The community Ardpatrick is “petrified somebody is going to get killed”, says Cllr Lisa Marie Sheehy
THE COMMUNITY of Ardpatrick in County Limerick is “petrified somebody is going to get killed”, says Cllr Lisa Marie Sheehy.
She was speaking at a meeting of the Cappamore-Kilmallock municipal district where she tabled a motion to build a footpath to “join the village of Ardpatrick to the local national school”.
“A number of Ardpatrick residents and members of the local community have raised the dangers with me.
“They want to see the school linked to the village.
“The safety of children is most important. The speed through the village is crazy. People are constantly saying it,” said Cllr Sheehy.
The independent councillor said people get used to the speed “feedback signs”.
“They slow down for the first few weeks,” said Cllr Sheehy, who asked if it was legal to put down ramps on a main road in County Limerick.
Cllr Sheehy called for the speed limit to be reduced from 60kmph to 50kmph as well as the construction of the footpath linking the village and school.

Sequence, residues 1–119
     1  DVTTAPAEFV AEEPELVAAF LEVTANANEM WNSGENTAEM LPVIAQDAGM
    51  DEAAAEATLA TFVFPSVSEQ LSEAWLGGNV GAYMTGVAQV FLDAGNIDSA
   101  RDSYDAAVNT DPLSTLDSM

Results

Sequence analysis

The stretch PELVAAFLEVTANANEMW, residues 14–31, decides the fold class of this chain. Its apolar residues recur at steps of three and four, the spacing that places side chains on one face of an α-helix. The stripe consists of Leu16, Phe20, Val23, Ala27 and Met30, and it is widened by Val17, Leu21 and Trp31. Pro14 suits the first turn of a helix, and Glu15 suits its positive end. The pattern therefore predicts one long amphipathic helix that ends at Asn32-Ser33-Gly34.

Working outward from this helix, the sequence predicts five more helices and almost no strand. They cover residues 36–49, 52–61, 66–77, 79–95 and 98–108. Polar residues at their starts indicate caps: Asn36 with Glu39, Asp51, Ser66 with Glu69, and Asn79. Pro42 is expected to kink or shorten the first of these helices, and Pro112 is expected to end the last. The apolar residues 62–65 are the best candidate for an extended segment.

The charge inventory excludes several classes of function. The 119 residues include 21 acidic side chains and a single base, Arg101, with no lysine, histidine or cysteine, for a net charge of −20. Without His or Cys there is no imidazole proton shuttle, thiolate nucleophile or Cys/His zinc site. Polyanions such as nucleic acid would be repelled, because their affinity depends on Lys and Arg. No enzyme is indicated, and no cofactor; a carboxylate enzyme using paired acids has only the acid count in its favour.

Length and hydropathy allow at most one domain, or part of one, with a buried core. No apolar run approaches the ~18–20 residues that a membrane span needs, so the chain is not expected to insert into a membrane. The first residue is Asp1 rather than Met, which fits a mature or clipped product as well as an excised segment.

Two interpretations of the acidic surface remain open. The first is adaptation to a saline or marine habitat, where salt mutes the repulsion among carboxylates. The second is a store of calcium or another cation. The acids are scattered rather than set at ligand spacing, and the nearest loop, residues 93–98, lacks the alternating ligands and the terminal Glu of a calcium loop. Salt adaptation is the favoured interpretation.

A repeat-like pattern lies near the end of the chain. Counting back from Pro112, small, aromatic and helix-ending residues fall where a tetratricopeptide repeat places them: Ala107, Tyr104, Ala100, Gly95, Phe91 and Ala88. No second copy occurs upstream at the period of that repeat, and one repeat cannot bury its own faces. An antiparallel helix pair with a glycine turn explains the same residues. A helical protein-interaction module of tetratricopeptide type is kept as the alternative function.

“Time is of the essence. People are petrified somebody is going to get killed,” said Cllr Sheehy.
Her motion was seconded by Cllr Mike Donegan.
“The community has extensive plans to combat speeding including a one way system, speed limit review. There is no place for the speed van to be located. Hopefully we can get the gardai out,” said Cllr Donegan, who referenced Banogue as “it is always on your mind that the speed van is going to be there”.
Cllr Donegan said he doesn’t think Limerick City and County Council has a policy on speed ramps on main roads. He referenced Buttevant in County Cork which has ramps.
Cllr Sheehy said: “The only thing to slow down drivers are ramps. The speed some drive through Ardpatrick is crazy. These are the dangerous drivers we want to stop.”
Cllr Bill O’Donnell said traffic islands that narrow the road, like in Boher, slow down traffic.
Barry Murphy, senior executive engineer, said it would be a long section of footpath. He told councillors he would ask one of his fellow engineers to draw up a “cost proposal”.